Manuscript Madness

A friend recently pointed me to a story of a “new” manuscript, recently discovered, that portrays Jesus predicting the advent of Mohammad. The article on sott.net, suggests that the manuscript, wanting to be seen by the Pope, may be the Gospel of Barnabas. Of course, the Gospel of Barnabas is already known from a medieval Italian manuscript and a new, authentic discovery would be of great excitement to epigraphists and text critics, but few others. Barnabas is not a canonical gospel and is considered by the majority of scholars to have come from centuries after the fact. Quite apart from the sensational headline “1,500 year-old Bible found in Ankara, Turkey: Vatican in Shock!” (posted in September of last year, before Francis came along), the manuscript raises a number of questions concerning what one colleague calls “the iconic book.” To be sure, there are documents yet to be discovered. The Bible, however, will not be reconstituted and the door has long been sealed shut on written revelation. What remains is the perception of sacred books.

How many movies and novels are based on the premise that an ancient document has been discovered and suddenly everything about the world changes? It is a common enough theme. This idea is based on the magical concept of scripture—the hidden wisdom of the ancients somehow overrides all that we know of the world. It lies in some cave or monastery or synagogue, waiting to be discovered, unleashing divine power. No doubt the dramatic (and dramatized) discovery of the Dead Sea Scrolls plays into this mythos. Nobody knew they were there, but suddenly, new information! How many people on the street today, however, can say anything of what was contained in the Dead Sea Scrolls? They’ve been mulled over by furrowed-browed scholars for over half a century, but haven’t triggered any apocalypses, at least not yet.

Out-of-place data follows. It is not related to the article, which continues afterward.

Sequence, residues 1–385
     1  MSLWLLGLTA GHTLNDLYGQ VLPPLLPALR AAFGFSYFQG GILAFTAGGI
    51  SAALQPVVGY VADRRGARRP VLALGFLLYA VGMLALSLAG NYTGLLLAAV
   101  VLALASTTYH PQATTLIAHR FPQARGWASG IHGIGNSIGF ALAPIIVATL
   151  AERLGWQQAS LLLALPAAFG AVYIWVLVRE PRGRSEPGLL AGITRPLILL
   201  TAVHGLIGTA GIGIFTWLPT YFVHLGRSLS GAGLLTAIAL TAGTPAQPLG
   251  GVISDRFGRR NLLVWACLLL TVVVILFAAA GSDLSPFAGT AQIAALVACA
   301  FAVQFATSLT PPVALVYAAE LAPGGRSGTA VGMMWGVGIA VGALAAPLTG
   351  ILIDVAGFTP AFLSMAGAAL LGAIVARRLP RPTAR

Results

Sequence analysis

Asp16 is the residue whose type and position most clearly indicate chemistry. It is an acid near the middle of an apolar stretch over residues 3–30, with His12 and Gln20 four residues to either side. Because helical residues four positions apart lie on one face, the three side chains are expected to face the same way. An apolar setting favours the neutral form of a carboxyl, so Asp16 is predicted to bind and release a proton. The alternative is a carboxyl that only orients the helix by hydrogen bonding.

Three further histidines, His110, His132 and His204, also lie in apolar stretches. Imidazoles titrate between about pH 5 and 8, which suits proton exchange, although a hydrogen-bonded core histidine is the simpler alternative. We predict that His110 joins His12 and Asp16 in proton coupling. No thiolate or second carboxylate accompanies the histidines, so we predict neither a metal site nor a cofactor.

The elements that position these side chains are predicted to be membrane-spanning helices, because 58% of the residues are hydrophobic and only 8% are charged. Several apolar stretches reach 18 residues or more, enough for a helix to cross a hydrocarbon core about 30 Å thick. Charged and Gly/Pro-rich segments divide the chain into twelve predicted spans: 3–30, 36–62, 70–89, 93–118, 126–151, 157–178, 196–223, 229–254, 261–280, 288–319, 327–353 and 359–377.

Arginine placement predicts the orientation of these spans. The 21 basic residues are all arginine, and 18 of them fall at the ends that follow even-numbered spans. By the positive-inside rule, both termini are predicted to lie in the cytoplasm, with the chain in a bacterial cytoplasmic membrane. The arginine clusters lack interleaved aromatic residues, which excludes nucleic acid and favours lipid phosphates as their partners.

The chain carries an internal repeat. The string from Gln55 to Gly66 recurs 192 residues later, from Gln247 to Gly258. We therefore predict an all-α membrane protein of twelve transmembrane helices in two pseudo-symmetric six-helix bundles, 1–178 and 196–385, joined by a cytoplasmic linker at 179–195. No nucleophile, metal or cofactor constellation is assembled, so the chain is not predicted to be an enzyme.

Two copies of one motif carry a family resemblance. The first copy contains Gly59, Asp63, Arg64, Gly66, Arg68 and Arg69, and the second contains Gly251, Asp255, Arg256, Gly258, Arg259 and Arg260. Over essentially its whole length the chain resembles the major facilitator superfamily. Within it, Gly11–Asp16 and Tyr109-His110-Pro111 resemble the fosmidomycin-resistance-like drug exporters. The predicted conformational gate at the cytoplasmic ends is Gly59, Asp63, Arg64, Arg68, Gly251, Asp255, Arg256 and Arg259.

There are hidden documents. Working for Gorgias Press put me in the place where I could learn about some texts kept under lock and key in remote monasteries in Syria. They are generally kept for their monetary value rather than their spiritual revelations. The manuscript on sott.net made me think of those manuscripts for the first time in years. In all likelihood, if a manuscript is being hidden it is lucre, not illumination, that is at stake. The Vatican library, researchers who’ve been there tell, requires immense patience and a willingness to be repeatedly turned away. There’s just something about those old texts. No surprise that the Bible and Qur’an lead to such fiercely protective sentiments in some believers. In the meanwhile, I wouldn’t advise selling all your possessions and anticipating the apocalypse. Unless, of course, you take some ancient documents literally.

An ancient manuscript (not the hidden one).

An ancient manuscript (not the hidden one).